The view from the front: military matters and motivation for 5/24/22.
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Hope you had a great weekend and that your week is off to a great start!
I discussed at length in the last issue the growing problem that Ukraine is facing with not being able to export its wheat by sea routes.
After writing that, and seeing some more news about how it’s going to affect especially the poor in places such as Africa and India, I just found myself getting madder and madder about the situation.
And in complete frustration, I finally wrote the following two things on Twitter.
The Telegraph @Telegraph🚨 The world has just ten weeks' worth of wheat left after Ukraine war Food supplies are being rocked by Russia's invasion of the 'breadbasket of Europe' 🧵👇 https://t.co/ar8F6hPhfs https://t.co/OxZU6QplyR
Much to my surprise, three days later, my crazy idea might not be so crazy after all. (Not that someone saw my idea, but I guess someone else had the same kind of thinking.)
Regardless, it looks like countries are legit talking about it and considering it. (See below.)
To bolster this effort, there was even this news. (See below.)
And here are more details on that Harpoon deal. (See below.)
This is a bit unrelated to the naval spectrum of the war we just discussed, but I wanted to share the video below to give you a taste of life in the cities there. Even the condition of the roads.
I joked after watching it on Twitter that this guy is either nuts or his wife told him to go get some milk and bread.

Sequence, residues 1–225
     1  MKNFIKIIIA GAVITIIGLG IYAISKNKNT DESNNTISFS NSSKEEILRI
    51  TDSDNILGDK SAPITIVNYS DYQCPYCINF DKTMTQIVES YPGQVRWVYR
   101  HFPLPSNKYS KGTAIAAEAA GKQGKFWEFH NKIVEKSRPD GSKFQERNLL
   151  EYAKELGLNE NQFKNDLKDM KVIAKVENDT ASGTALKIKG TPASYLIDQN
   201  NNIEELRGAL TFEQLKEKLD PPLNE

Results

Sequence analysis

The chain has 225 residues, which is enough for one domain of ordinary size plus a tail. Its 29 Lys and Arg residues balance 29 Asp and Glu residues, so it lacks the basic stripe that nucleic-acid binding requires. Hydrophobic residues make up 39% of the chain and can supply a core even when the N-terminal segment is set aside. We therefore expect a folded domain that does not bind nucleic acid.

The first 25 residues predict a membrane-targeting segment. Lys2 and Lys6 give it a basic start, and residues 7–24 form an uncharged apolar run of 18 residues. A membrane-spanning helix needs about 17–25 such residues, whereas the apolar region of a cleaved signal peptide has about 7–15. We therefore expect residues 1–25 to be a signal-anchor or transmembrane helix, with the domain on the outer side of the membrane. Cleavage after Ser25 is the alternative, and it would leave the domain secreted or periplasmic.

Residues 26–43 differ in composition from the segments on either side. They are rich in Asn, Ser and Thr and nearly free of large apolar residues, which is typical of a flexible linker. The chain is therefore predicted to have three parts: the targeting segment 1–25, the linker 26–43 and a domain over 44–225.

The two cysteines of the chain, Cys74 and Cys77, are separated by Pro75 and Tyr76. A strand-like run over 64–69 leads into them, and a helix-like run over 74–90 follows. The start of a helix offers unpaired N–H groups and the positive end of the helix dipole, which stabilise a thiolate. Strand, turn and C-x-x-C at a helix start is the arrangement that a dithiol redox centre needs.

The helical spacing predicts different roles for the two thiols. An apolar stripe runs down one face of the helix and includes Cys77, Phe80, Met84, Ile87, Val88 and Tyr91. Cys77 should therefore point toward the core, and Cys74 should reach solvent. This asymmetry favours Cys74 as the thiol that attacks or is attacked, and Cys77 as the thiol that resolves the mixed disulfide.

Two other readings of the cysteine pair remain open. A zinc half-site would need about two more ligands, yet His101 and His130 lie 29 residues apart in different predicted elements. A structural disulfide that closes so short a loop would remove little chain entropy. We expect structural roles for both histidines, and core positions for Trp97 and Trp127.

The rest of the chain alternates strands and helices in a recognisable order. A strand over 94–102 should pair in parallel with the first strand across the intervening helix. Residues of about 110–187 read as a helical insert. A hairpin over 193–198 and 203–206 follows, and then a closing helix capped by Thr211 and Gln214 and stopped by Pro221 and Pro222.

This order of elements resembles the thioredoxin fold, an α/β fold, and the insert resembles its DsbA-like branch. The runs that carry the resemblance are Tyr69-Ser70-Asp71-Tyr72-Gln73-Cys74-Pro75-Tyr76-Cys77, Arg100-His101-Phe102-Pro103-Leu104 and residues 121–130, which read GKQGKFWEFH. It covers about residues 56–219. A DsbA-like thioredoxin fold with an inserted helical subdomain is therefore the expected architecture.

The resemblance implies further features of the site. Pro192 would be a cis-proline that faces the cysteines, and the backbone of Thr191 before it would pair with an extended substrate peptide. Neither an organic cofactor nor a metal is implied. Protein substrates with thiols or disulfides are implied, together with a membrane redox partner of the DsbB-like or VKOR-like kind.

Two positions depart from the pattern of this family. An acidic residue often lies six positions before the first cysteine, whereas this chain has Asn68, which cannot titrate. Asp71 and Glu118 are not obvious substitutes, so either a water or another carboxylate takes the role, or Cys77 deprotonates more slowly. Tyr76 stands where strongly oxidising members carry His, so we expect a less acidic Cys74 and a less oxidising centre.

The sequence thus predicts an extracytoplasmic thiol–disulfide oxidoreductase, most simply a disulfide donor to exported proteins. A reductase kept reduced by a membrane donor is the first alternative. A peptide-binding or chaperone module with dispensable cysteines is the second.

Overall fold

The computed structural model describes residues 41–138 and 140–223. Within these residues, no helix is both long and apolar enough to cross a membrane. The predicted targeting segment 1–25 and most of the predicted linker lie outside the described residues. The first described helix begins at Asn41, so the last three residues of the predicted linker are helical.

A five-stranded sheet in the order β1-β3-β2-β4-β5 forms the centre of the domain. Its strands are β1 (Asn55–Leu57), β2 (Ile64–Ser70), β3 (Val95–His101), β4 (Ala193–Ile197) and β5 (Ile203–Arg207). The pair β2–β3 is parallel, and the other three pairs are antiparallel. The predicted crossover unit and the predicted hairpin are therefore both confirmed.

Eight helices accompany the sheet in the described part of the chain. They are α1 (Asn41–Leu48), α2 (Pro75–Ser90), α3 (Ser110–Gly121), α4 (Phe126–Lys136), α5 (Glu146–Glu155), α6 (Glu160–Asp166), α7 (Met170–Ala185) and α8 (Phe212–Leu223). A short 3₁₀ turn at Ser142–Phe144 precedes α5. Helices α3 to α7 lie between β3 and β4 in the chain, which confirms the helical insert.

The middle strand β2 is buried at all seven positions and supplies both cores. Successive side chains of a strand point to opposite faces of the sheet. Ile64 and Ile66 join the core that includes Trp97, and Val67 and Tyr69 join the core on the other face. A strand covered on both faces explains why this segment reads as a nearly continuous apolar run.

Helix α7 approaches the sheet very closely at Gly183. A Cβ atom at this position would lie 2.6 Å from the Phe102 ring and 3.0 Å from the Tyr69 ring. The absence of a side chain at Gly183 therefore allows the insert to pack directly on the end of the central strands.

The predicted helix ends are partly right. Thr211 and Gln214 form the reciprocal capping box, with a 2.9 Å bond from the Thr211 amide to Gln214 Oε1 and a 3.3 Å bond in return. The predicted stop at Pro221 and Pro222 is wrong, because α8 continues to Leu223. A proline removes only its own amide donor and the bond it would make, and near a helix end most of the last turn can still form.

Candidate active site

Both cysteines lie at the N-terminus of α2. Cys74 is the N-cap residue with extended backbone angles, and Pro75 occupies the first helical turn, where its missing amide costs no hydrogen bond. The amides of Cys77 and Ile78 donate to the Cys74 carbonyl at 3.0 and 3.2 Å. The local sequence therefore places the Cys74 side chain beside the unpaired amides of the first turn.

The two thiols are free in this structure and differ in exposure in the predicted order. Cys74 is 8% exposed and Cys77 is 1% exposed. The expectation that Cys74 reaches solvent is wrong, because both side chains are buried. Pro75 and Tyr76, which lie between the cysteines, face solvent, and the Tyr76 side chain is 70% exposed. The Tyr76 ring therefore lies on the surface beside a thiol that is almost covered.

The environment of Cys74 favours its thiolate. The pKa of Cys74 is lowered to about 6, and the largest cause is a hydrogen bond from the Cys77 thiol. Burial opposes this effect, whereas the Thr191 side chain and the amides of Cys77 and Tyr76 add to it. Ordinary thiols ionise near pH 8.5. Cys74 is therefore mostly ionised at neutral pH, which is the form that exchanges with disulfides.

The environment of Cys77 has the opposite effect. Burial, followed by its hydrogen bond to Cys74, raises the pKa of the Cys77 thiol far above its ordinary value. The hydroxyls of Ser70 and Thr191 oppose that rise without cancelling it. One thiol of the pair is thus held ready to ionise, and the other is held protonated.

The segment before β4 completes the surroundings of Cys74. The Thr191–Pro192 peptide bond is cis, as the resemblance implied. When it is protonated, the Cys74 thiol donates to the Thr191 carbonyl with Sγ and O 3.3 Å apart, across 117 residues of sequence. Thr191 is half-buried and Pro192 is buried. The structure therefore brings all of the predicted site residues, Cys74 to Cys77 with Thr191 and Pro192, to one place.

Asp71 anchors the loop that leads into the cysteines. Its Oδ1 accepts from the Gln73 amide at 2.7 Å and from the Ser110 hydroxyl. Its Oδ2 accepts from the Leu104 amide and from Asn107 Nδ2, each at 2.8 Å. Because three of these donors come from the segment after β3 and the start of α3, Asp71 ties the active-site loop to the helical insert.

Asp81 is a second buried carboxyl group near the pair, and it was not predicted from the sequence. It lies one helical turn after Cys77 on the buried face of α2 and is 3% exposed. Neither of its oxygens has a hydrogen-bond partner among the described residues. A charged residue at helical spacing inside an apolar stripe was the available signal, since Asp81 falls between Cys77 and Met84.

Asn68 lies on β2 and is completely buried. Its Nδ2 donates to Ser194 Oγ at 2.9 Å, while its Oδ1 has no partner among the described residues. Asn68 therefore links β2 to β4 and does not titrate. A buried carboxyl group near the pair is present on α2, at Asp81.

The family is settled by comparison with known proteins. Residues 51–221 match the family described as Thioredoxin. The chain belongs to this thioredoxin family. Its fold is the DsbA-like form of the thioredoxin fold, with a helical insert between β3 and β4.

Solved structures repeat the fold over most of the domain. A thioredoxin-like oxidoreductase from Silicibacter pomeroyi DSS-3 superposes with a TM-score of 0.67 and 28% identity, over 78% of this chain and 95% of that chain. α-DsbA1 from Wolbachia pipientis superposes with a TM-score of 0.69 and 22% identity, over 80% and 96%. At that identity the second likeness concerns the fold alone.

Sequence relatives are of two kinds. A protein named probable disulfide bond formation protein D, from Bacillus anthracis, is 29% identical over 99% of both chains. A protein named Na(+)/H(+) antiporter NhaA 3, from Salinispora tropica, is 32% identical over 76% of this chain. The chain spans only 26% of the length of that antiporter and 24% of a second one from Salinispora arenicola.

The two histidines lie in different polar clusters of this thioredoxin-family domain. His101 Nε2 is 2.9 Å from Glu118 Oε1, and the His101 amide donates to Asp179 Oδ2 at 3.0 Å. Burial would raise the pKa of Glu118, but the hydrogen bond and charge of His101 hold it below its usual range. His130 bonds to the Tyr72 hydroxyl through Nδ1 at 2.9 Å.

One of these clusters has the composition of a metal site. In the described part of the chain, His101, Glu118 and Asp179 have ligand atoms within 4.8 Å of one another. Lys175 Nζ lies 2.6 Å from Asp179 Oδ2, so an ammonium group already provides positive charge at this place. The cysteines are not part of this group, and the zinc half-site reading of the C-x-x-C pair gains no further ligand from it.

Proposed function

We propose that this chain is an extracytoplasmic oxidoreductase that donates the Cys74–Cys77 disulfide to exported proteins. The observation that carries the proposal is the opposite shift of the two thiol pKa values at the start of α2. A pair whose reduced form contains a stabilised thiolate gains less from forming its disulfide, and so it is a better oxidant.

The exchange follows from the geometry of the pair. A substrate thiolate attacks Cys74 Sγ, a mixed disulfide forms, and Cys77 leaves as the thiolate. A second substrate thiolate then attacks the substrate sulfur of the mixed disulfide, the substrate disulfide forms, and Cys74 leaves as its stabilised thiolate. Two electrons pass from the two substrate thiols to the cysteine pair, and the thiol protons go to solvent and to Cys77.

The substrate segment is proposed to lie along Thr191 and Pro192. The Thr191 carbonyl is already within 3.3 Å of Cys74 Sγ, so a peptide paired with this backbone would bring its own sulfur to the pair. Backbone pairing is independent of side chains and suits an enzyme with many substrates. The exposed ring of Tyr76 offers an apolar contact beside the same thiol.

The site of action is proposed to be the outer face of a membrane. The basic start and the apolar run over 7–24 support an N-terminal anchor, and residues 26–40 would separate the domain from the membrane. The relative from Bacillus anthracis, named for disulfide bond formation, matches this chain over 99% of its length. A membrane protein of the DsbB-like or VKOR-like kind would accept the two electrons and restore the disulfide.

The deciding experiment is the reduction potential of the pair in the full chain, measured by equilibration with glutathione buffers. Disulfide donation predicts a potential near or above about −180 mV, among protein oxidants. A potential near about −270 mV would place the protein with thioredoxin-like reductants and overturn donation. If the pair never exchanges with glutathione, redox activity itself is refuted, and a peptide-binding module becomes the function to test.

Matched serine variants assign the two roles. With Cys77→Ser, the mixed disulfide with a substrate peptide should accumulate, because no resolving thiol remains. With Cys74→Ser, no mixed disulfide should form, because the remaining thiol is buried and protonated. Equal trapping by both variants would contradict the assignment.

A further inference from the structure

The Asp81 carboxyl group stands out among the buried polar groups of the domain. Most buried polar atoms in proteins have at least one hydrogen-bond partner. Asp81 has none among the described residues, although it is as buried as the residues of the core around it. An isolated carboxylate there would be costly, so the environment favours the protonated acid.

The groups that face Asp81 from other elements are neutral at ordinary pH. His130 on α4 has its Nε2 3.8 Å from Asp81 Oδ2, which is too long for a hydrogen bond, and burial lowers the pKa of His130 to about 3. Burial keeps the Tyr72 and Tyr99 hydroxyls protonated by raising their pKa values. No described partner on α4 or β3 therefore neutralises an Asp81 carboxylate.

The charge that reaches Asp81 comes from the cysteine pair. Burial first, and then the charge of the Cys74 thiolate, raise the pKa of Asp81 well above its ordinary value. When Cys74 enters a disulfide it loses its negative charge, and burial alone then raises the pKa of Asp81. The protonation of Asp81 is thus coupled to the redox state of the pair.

Either way, I’m not a fan of driving toward artillery fire. (And yes, the above is a joke. Relax.)
In other big news since Friday, President Biden stated that America’s armed forces would step in to defend Taiwan if China attacks Taiwan. This is a change from the “strategic ambiguity” normally adopted on the island.
And in other big news, Ukraine ruled out conceding territory to Russia as part of a ceasefire deal.
One final point about the situation in Ukraine that will probably start making bigger news soon is the crisis of lack of fuel. (See below.)
From the story, The Economist states:
Before the war began on February 24th, 80 percent of the country’s fuel was imported. Most of that came by rail from Belarus, now an enemy and participant in the war. A smaller part came by sea, into Black Sea ports now closed by a Russian naval blockade. The only significant local producer, the Kremenchuk oil refinery, was taken offline in April after a series of rocket attacks. … Ukraine needs about 540,000 ton of petrol products a month. It currently has the means to cover only around 70 percent of that. … With the war effort and agriculture taking priority, very little is left for anyone else.”
Moving along, here’s a deep thought for the day, which from my experience is very true.
Moving to historical matters, check out the Scaligero Castle below.
Is that an incredible fortification or what?! And the internal dock above is the only surviving example of a 14th Century fortified port. (You can read more about it here.) And Atlas Obscura states, “The castle served a defensive function, but also acted as a small port with its docks serving as a safe haven for Scaliger and Venetian fleets. The entire castle, even the dock, is surrounded by towers and battlements.”
That’s a good place to wrap up today’s edition. Let’s end with some motivation and wisdom.
That’s it for this edition.
As a reminder, please be kind and endeavor to love your fellow Americans. We need to pull this country together, and that starts with all of us.
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Stan R. Mitchell
P.S. Don’t forget to check out my books. I’ve written a CIA/Marine sniper series, a detective series, a private investigator series, an action-packed Western, a leadership/biography book, and two realistic war novels: one about World War IIand one about Afghanistan.